Consumer sports and fitness spending plans remain cautious, but show positive trend

Despite positive overall economic trends and Q1 growth in recreation, sports and fitness markets, consumers remain cautious. What will they be willing to buy and why?
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A recent report has found that despite economic gurus touting the start of a recovery, most consumers remain cautious in their 2010 plans for spending, including on sports, recreation and fitness products.

Still, a trend began this year that indicates the market for activity-oriented products is looking better than others, per a new Leisure Trends report that summarized first quarter 2010 retail sales.

“The economy is showing life so far in 2010,” said Leisure Trends analyst Elisabeth Stahura, in a May 5 webinar. “It’s premature to assume we are out of the water,…but the outdoor and active markets tend to rebound before the general economy.”

A LeisureTrak report from the Boulder, Colo., research firm (www.leisuretrends.com), which surveyed participants in January 2010, found that more than half of consumers said they don’t plan to spend more on sports and fitness gear this year than they did in 2009, although the May 5 release of data showed positive gains for the first quarter for recreation categories. A full 55 percent said they will spend the same on equipment and services, although a few (20 percent) said they will spend more compared to a smaller group (16 percent) that said they will actually spend less.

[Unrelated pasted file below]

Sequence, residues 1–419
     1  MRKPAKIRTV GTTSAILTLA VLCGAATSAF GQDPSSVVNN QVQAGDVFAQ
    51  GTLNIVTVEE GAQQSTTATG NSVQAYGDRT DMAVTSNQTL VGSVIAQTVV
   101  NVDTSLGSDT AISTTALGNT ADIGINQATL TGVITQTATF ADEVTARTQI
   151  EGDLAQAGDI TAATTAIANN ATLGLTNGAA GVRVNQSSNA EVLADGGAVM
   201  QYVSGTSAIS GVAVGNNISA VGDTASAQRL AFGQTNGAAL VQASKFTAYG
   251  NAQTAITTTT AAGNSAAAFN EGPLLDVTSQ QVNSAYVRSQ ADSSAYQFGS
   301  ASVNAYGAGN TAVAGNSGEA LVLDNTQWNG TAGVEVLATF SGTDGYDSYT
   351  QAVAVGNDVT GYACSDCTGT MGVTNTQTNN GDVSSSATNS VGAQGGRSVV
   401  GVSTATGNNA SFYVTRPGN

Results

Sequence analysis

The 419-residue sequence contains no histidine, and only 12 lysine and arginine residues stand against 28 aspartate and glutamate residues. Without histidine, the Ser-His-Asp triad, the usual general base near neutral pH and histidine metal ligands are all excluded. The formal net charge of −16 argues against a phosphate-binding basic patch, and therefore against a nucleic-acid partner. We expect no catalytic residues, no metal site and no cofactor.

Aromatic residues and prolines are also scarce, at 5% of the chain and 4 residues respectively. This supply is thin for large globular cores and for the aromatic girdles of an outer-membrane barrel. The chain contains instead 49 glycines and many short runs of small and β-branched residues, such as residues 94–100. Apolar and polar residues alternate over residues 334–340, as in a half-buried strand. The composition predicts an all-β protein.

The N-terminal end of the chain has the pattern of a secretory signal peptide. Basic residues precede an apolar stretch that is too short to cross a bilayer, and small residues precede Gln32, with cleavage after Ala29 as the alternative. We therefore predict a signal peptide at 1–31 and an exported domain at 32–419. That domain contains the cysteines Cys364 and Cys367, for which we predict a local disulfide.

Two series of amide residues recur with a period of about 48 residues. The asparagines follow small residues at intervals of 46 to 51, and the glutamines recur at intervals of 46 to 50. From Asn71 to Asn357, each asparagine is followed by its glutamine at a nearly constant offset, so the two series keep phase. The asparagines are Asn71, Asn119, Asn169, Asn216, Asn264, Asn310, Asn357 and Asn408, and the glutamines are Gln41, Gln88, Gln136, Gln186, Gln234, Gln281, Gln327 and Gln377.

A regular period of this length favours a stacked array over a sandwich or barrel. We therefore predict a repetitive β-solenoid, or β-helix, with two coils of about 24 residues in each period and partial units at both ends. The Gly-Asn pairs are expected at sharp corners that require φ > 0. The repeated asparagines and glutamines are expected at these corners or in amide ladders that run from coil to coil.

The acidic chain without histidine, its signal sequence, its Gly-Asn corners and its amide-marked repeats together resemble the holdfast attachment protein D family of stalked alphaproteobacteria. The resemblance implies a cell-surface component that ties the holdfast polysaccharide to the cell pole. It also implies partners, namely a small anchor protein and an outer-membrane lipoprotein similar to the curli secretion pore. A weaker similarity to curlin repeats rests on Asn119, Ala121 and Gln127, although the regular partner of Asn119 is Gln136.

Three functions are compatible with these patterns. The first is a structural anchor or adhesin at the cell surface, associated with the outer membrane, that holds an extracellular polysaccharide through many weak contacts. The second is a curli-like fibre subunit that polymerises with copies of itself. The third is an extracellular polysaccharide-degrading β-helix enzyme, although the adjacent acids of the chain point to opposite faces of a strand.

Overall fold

Among those who said they will spend more are younger consumers, with 18- to 24-year-olds noting they planned to spend “much more” on sports and recreation than last year. But it’s the the 55- to 64-year-olds who will in the end spend more overall, or more than twice as much as the younger crowd.

When it comes to gender, men are willing to part with more cash when it comes to recreational gear: They reported they will spend twice as much in the next three months as women reported, per the LeisureTrak study.

Listening to friends

When it comes to the fitness and sports gear, consumers are willing to buy, another segment of the report found that the largest source of information comes from friends and family. They also rely on the Internet for research, including retailer and manufacturer websites.

But if you think you can sway them once they get in the store, you will have your work cut out for you. The report found that 44 percent had a brand in mind when they went out to buy and 88 percent of that group confirmed they did end up buying that brand in the end.

The bottom line is that managing your brand’s image from start to finish, as well as knowing its strengths and weaknesses, will help a company mold consumer perceptions and boost purchases.

For more information about LeisureTrak studies and retail sales reports, contact Leisure Trends at 303-786-7900.

--Therese Iknoian

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